Mirroring the arduous journey undertaken by Robyn Davidson in 1977, her 1980 book Tracks, which has stagnated in developmental hell for the past thirty years, has finally arrived in 2013 starring Mia Wasikowska as the central heroine. The book is an enlarged version of the popular article Davidson wrote for National Geographic which described the tortuous 1700 mile expedition she embarked upon from Alice Springs in the centre of Australia to the far reaches of the Indian Ocean on its western side. The article was accompanied pictorially by the work of photographer Rick Smolan, played by upcoming star Adam Driver, who appears perhaps too often in a film about a solo traveller, a film which aims to depict the gruelling nine month trek of its central heroine by camel.
The film sets up a number of tensions in order to secure both suspense and plot: laconic Robyn versus garrulous Rick, her desire for solitude disturbed by the demands of journalism and finally, what should feature as the most important narrative tension on offer in the film, the unaccompanied traveller battling against the harsh climate of the Australian outback. However, in a film which stresses the difficulty of the journey Robyn is about to embark upon in its opening scenes – every character she encounters patronisingly warns her that her dream is not possible – minus a few moments towards the end, we rarely see Robyn encounter any hardship whatsoever. Indeed, she never seems to have any problems with the sheer volume of dangerous creatures that live in the outback or even the scorching heat of the Australian sun. Robyn rarely sweats or gets burnt, the latter puzzling when one remembers how often Mia Wasikowska’s body is on display.
Tracks additionally fails to investigate the duration of her trip, instead offering what is best described as a prolonged montage sequence. As Curran seems afraid of extended shots of both Robyn and the environment which encompasses her, in addition to his fear of narrative silences, we never stay with Robyn long enough to truly understand her solitude and the difficulty of such a journey. Instead, Curran punctuates the narrative with the appearance of Rick, whose truck every so often materialises in the outback. His purpose is to take the pictures demanded by National Geographic magazine and to offer some entertainment for the audience. While his periodic arrivals interrupt the isolated moments which should be explored in more depth by Curran, they do offer quite an interesting point which figures as the central meaning on offer in the film – the second tension I have outline above, her desire for solitude disturbed by the demands of journalism.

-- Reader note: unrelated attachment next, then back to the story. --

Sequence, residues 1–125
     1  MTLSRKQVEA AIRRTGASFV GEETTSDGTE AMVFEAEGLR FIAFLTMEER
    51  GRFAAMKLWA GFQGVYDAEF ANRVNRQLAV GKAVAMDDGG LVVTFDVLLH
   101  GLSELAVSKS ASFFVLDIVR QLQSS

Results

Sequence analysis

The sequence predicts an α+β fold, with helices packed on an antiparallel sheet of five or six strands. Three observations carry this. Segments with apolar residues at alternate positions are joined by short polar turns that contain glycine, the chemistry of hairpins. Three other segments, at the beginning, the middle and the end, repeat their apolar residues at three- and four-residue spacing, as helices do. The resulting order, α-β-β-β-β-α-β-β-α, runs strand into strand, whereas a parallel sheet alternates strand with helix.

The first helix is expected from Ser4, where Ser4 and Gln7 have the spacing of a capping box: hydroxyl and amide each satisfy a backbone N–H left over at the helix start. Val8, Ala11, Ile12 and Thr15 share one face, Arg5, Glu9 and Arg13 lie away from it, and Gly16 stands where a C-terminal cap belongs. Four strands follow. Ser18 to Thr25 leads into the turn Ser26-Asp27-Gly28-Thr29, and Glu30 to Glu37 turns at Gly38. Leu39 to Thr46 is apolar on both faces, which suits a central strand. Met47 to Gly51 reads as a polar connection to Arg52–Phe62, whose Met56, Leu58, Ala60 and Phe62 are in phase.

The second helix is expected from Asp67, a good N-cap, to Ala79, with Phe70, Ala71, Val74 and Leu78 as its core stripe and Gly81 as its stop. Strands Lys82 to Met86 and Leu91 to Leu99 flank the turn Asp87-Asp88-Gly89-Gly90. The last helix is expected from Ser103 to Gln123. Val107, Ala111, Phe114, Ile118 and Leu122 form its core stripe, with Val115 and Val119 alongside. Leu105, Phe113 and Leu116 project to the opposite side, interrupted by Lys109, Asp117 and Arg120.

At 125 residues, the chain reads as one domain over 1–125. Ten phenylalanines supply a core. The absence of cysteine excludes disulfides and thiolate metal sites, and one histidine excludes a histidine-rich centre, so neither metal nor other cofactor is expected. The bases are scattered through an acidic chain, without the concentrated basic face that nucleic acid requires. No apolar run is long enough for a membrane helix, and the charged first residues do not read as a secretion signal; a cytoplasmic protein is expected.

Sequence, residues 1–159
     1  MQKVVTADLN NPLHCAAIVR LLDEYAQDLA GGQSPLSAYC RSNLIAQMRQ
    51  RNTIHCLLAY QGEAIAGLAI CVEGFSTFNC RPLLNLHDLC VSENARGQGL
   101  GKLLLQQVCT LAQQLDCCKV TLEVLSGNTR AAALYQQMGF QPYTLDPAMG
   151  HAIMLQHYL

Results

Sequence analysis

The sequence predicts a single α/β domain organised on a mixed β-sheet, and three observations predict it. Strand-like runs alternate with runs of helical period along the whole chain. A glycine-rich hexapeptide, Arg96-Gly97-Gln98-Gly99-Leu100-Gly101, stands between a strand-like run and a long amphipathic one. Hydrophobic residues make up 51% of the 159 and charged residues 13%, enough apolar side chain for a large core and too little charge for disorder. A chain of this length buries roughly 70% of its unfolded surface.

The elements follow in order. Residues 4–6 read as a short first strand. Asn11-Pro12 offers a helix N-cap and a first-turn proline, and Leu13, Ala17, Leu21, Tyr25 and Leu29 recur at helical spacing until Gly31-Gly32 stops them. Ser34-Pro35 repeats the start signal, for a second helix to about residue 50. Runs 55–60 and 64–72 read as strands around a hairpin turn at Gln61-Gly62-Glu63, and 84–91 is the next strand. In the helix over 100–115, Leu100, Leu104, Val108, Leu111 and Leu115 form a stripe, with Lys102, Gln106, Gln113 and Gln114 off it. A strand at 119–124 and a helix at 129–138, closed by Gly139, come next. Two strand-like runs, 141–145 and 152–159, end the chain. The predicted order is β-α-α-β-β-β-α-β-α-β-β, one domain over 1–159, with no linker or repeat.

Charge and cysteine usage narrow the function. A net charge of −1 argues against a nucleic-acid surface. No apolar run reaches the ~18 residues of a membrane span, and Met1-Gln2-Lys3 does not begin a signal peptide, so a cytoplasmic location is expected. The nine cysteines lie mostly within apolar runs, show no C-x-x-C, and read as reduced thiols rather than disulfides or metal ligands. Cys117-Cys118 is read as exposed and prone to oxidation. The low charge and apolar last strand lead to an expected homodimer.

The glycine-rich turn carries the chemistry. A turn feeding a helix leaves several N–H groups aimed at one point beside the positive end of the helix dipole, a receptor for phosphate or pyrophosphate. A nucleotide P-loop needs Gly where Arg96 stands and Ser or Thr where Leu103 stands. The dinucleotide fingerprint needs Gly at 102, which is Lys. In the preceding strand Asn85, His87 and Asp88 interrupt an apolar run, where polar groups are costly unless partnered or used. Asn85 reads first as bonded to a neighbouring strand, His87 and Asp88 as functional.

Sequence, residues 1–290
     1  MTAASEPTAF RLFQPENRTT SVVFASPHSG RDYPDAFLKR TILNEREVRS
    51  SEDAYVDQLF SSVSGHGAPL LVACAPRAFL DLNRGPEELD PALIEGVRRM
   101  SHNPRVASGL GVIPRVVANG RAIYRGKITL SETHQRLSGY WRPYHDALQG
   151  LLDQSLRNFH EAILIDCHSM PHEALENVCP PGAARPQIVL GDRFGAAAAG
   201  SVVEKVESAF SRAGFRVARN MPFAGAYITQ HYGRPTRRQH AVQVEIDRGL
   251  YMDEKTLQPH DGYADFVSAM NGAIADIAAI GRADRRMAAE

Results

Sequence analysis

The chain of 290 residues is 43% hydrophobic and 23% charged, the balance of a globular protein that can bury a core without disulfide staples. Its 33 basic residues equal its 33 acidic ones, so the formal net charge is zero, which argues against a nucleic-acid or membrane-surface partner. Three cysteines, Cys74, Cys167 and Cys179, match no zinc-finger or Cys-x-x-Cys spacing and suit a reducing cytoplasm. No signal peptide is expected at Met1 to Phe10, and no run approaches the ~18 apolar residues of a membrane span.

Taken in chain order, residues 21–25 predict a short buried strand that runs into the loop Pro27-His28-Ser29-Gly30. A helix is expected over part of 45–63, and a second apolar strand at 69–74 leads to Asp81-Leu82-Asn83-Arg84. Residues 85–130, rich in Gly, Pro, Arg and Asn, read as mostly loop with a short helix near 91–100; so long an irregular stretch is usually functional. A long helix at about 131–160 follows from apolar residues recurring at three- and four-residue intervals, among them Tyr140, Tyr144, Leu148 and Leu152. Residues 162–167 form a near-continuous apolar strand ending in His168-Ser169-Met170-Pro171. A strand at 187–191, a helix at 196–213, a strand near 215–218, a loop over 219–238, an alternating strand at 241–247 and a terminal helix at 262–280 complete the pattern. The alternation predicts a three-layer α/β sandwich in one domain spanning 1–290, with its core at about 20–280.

From the start, Robyn encounters a problem: the only way she can embark on her journey is with outside support – she needs money to buy both the camels and supplies – but her desire for self-sufficiency and to be isolated with nature is corrupted by such a requirement. The journey figures as a mere fantasy before she capitalises on Rick’s suggestion, who she intriguingly meets before he is hired to photograph her, to write to National Geographic for funding. An early scene shows Robyn excitedly receive the money from the magazine, oblivious to the significance of such a deal. Instead of photographing her realistically in action, Rick requires Robyn to pose aboard one of her camels (she is accompanied by four and her dog Diggity), altering her positions and clothing in order to achieve the perfect shot. While Robyn is understandably perturbed by this, later sequences which depict a run in with tourists and a gang of journalists leave her exasperated. The film demonstrates how journalism created and destroyed her expedition. The idea for such an undertaking arose out of introverted Robyn’s need for solitude and isolation, to travel by natural means in a country populated by the jeep, but this solitude and isolation is denied by the means which nearly made it possible.
While this aspect is investigated in detail by Curran, Tracks avoids any real confrontation with other pressing issues, such as the relationship with the Aborigines she encounters throughout her journey. As Curran has decided to not emphasise the duration and difficulty of her expedition, this could function as a subordinate but somewhat interesting replacement. Instead, the nature versus journalism tension is played out again with Rick surreptitiously photographing a sacred ceremony which causes the Aborigines much frustration while the mutterings of Eddie, a native who accompanies her through sacred country, are played for humour. Despite the failings of the film, both Wasikowska and Driver are notable in their roles; indeed it is their tenuous relationship that buoys Tracks. Additionally, one must admit that we are offered some superb shots of the Australian landscape, however, these moments of success are held for too short a period, much like the other points of significance in Curran’s film.